In Magnolia Branch, Mississippi, the Cafferty and Marsden families are southern royalty. Neighbors since the Civil War, the families have shared vacations, holidays, backyard barbecues, and the overwhelming desire to unite their two clans by marriage. So when a baby boy and girl were born to the families at the same time, the perfect opportunity seemed to have finally arrived.
Jemma Cafferty and Ryder Marsden have no intention of giving in to their parents’ wishes. They’re only seventeen, for goodness’ sake, not to mention that one little problem: They hate each other! Jemma can’t stand Ryder’s nauseating golden-boy persona, and Ryder would like nothing better than to pretend stubborn Jemma doesn’t exist.
But when a violent storm ravages Magnolia Branch, it unearths Jemma’s and Ryder’s true feelings for each other as the two discover that the line between love and hate may be thin enough to risk crossing over.
PUBLISHER: Simon and Shuster
I went to Powell’s during the past 3-day-weekend and limited myself to a book budget of $15. I happened to go over by one dollar, but, really, if you know me, it could have been much worse. Leaving $16 poorer is the best of all possible Powell’s scenarios. Truly.
I haven’t read a book set in the South for some while, and I’m always up for a good YA romance. Magnolia has been on my TBR for some time. While this plot was a bit too unrealistic for my tastes (two kids being left alone right before a gigantic storm? I don’t know about that), it was still a fun read. MORAL RATING:
PG-13: Frequent cuss words throughout and kissing
Cook’s novel is essentially a reversal of Romeo & Juliet, and a pretty cliché one at that. That being said, Magnolia is a sweet novel. Jemma and Ryder are realistic teens living in the South. I admired Jemma’s feisty spirit and I appreciated her attitude towards applying to film school. Few people know what they want to study in college, but Jemma knew what she wanted and she fought for it. Ryder played a huge part in this, and I appreciated that he was such an encouraging presence in her life. They both acted as motivators for the other and I thought that was cute.
There were so many times that I wanted to yell at Jemma, “Hey! You’re not interpreting things correctly!”. Bad communication and misjudgements accounted for most of the problems in this book.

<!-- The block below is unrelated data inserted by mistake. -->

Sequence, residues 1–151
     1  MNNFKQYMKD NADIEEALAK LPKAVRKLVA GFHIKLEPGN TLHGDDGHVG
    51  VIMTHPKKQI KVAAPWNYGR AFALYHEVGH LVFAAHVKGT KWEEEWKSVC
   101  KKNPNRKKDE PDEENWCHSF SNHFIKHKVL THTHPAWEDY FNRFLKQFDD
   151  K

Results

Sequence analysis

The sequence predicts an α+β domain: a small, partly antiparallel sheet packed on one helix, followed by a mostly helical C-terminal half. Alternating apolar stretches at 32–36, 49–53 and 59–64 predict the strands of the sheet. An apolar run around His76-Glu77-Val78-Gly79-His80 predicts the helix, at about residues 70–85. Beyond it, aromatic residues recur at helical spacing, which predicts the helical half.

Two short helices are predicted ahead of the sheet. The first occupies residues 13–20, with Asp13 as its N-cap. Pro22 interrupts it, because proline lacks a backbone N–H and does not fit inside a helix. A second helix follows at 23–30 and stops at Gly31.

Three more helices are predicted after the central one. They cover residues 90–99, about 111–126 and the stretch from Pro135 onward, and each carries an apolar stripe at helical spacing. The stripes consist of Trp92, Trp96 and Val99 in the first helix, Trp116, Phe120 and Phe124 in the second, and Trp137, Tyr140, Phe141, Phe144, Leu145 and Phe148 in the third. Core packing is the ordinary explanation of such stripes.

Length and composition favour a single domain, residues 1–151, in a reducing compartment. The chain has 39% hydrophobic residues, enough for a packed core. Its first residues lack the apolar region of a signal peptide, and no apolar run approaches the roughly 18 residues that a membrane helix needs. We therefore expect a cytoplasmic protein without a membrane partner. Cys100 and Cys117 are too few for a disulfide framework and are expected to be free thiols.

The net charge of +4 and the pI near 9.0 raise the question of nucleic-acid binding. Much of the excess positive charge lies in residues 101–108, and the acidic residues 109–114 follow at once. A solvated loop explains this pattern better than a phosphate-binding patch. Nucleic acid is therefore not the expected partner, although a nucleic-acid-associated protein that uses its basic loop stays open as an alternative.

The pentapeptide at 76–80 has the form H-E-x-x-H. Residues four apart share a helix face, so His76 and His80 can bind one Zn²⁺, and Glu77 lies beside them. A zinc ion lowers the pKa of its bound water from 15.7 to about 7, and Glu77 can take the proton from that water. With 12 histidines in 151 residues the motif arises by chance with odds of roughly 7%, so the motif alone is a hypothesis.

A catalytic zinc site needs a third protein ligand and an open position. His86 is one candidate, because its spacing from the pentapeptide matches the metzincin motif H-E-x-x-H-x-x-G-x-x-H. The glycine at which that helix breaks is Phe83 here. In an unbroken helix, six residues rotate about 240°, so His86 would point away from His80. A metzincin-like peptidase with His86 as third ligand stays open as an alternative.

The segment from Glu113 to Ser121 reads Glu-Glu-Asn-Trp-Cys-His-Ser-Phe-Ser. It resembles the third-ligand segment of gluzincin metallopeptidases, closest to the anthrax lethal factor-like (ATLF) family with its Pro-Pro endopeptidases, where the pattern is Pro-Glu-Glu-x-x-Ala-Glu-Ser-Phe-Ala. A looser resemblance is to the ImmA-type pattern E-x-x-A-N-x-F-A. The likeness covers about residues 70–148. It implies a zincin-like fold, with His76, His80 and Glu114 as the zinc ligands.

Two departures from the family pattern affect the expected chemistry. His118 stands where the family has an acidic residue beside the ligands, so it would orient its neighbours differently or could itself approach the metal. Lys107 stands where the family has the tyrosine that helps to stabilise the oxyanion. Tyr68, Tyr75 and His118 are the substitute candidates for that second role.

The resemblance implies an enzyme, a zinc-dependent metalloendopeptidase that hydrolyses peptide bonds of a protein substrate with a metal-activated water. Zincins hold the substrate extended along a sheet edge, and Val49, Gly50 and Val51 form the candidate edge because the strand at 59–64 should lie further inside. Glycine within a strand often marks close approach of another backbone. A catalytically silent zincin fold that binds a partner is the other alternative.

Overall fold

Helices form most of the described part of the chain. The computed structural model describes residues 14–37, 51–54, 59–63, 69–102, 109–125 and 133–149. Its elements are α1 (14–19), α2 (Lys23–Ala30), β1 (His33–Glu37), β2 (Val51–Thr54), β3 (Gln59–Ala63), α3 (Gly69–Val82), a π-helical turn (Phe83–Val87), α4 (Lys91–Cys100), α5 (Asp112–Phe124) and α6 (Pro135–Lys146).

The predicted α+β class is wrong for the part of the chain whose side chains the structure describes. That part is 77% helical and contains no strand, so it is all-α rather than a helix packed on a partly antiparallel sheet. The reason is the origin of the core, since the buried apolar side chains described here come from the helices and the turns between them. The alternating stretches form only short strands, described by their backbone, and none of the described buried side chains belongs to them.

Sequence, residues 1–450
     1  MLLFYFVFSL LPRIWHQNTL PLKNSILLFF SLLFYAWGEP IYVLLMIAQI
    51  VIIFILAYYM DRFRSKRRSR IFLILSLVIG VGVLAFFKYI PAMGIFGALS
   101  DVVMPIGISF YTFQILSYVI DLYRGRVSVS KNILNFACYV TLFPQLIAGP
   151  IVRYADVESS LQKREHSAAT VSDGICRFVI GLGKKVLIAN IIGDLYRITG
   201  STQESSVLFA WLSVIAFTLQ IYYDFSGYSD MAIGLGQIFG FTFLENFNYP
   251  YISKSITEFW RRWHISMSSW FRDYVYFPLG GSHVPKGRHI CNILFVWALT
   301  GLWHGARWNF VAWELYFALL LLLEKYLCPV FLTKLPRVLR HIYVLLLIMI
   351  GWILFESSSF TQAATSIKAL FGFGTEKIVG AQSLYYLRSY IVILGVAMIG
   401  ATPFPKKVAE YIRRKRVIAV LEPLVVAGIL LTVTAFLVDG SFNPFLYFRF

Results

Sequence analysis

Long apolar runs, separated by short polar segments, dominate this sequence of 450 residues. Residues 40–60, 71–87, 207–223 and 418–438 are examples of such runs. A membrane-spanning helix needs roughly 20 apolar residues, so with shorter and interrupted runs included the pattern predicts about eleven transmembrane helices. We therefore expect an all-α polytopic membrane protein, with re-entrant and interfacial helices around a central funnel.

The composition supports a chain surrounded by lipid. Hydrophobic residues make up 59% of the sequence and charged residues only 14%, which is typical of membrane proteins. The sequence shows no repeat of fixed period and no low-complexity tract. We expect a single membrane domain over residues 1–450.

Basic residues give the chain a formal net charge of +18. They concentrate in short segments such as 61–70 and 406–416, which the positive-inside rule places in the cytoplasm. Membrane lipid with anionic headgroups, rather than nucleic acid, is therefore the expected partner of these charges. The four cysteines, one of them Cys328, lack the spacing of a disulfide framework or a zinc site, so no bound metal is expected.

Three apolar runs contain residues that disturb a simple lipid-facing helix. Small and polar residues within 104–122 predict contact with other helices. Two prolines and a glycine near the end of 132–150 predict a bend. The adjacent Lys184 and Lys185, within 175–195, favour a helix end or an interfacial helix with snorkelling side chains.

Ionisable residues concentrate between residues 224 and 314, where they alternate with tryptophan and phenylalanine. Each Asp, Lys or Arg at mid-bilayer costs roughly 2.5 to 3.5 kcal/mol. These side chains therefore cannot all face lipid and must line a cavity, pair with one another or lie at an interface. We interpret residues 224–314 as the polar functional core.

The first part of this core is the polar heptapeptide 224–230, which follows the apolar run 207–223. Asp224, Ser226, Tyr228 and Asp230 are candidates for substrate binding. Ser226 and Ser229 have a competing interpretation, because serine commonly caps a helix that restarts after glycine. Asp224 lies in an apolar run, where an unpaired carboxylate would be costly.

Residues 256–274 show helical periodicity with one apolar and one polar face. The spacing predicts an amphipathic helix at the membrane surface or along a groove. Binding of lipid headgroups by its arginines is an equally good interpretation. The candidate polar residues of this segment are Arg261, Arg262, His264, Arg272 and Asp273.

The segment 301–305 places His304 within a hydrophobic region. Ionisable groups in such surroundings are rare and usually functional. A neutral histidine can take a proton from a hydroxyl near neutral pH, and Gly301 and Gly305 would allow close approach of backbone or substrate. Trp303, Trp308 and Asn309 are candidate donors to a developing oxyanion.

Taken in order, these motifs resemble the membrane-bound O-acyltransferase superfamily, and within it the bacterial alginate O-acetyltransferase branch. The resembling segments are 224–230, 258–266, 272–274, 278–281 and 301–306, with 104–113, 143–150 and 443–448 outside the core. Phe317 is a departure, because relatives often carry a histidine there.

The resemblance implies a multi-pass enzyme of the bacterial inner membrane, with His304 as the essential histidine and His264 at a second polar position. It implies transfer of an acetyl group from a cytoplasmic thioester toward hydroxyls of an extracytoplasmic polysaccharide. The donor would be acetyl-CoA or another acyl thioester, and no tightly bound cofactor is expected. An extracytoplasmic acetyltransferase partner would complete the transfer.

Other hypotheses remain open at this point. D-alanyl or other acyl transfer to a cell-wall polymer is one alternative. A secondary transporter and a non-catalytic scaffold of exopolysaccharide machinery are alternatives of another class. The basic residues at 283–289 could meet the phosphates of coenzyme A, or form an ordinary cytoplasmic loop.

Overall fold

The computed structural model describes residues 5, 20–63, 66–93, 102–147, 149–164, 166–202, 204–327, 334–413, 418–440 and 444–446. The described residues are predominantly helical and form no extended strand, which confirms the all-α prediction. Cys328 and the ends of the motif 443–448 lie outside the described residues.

I can appreciate when cuss words are used appropriately, but I felt like the cussing bordered on excessive in this novel. Jemma is a modern Southern belle whose sass and spirit were a highlight for me, but she cussed like a sailor at times. I didn’t feel like the cussing was necessary and justified.
Also, there wasn’t enough build-up or chemistry between Ryder and Jemma to explain the course of events in the novel. They’ve been family friends since childhood and have witnessed the good, the bad, and the awkward moments of each other’s lives. A bad high school dance leads to Jemma hating Ryder and vice versa. I’ve never felt like my life was in danger by a dangerous storm, so maybe I shouldn’t be talking. Perhaps deathly storms can increase the chemistry level between two characters, but I didn’t understand the sudden chemistry coursing between Jemma and Ryder. It made for a cute novel, but was too unrealistic for my personal tastes!
I didn’t have high expectations of this book when I bought it; I knew I was purchasing a fluffy teen romance with a twist. I knew what I was buying! This book lived up to–but didn’t exceed–my expectations.
I can see Vance Joy’s Georgia being Jemma and Ryder’s song in the future. Its calm, country vibes fit the Southern setting of this novel.
Overall, I’d give this one a 3.5/5 rating. It was sweet and fun, but there seemed to be something missing from the plot. The chemistry between Jemma and Ryder felt a bit too sudden and unrealistic. It is a mindless, enjoyable read, though, and I would recommend it to people that are in the mood to read some YA fluff.